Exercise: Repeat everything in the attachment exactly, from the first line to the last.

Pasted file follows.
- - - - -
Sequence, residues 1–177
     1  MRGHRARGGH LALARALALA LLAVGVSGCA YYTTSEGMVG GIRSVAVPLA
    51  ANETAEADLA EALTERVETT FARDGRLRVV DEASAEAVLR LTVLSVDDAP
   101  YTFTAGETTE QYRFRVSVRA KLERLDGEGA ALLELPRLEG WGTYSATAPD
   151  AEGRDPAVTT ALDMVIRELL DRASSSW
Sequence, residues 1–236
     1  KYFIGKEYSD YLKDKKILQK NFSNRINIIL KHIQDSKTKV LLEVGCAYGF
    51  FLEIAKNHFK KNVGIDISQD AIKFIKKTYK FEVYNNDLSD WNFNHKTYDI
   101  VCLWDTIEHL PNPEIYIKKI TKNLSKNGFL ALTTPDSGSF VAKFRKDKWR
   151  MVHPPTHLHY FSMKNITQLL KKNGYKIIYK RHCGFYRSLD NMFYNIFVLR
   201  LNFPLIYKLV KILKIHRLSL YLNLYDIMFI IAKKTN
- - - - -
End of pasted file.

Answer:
Sequence, residues 1–177
     1  MRGHRARGGH LALARALALA LLAVGVSGCA YYTTSEGMVG GIRSVAVPLA
    51  ANETAEADLA EALTERVETT FARDGRLRVV DEASAEAVLR LTVLSVDDAP
   101  YTFTAGETTE QYRFRVSVRA KLERLDGEGA ALLELPRLEG WGTYSATAPD
   151  AEGRDPAVTT ALDMVIRELL DRASSSW
Sequence, residues 1–236
     1  KYFIGKEYSD YLKDKKILQK NFSNRINIIL KHIQDSKTKV LLEVGCAYGF
    51  FLEIAKNHFK KNVGIDISQD AIKFIKKTYK FEVYNNDLSD WNFNHKTYDI
   101  VCLWDTIEHL PNPEIYIKKI TKNLSKNGFL ALTTPDSGSF VAKFRKDKWR
   151  MVHPPTHLHY FSMKNITQLL KKNGYKIIYK RHCGFYRSLD NMFYNIFVLR
   201  LNFPLIYKLV KILKIHRLSL YLNLYDIMFI IAKKTN